Is Apple’s iTunes Store in a freefall?
Tech media outlets have been abuzz this week over a report from Forrester Research that iTunes music sales declined 58% from January through May.
But is it meaningful? Turns out Forrester has no idea. With only two years of data for its limited survey sample, research house admits it doesn’t know how much of that dip represents normal seasonal change, as those who get a new iPod for Christmas likely go on a buying spree in January.
Other numbers certainly contradict the notion that iTunes is suffering. Through this past Sunday, SoundScan reported digital music sales are up a very healthy 57% over 2005, and iTunes remains the dominant musicstore in the U.S., with about 80% of the market.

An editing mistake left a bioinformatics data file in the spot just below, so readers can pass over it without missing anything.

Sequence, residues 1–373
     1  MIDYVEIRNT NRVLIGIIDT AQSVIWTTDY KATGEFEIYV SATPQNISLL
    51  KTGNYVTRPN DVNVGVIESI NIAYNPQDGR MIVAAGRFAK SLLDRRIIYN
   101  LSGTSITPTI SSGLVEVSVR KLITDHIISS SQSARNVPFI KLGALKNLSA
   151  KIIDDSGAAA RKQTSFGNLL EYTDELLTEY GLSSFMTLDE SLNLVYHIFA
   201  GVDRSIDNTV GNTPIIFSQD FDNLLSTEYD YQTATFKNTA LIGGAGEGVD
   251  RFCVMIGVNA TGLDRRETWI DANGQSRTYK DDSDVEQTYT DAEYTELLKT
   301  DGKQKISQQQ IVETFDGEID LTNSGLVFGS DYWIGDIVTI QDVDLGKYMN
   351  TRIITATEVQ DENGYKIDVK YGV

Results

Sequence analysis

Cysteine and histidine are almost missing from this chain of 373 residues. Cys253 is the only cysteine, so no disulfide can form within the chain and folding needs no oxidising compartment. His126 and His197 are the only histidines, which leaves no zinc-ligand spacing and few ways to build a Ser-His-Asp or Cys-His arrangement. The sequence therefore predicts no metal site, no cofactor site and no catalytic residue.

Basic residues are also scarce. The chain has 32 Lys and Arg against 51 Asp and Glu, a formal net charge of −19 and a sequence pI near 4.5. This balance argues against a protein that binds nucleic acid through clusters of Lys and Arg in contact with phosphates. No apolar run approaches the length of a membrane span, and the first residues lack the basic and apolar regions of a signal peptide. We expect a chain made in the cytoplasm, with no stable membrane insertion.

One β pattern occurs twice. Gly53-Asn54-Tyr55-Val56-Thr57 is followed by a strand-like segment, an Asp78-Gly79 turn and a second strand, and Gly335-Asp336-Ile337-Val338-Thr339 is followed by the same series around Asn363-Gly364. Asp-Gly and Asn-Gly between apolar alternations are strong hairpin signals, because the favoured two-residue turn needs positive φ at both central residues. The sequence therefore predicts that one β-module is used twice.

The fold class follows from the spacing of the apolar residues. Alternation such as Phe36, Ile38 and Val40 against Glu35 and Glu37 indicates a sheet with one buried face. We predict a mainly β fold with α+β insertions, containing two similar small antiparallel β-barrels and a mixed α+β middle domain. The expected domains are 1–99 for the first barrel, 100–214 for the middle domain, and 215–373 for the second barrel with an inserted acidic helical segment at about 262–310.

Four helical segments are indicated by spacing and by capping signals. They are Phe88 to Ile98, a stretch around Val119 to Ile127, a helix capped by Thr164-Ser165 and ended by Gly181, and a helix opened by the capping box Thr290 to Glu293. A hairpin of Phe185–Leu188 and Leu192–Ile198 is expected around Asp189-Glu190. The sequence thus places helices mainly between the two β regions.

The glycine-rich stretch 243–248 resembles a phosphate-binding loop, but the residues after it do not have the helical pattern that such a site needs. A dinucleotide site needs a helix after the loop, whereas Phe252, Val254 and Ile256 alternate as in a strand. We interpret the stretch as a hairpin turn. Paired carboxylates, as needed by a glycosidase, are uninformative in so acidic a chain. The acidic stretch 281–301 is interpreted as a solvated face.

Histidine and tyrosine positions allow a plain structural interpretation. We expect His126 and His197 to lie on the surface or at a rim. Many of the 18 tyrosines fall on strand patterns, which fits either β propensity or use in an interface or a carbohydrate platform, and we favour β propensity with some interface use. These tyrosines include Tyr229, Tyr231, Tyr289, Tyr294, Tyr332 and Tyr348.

Apple reps have denied sales are slowing.
Study actually spends more time on a point already well known to industryites: The average iPod owner isn’t spending that much on iTunes.
Forrester estimates iPod owners buy an average of 20 songs from iTunes.
Apple makes most of its profit from iPods, not iTunes, so that’s probably not a big concern to Steve Jobs. Diskeries may be more worried, although that depends entirely on whether iTunes sales are an additive for the industry or whether those sales are outweighed by people buying iPods and filling them up with pirated music.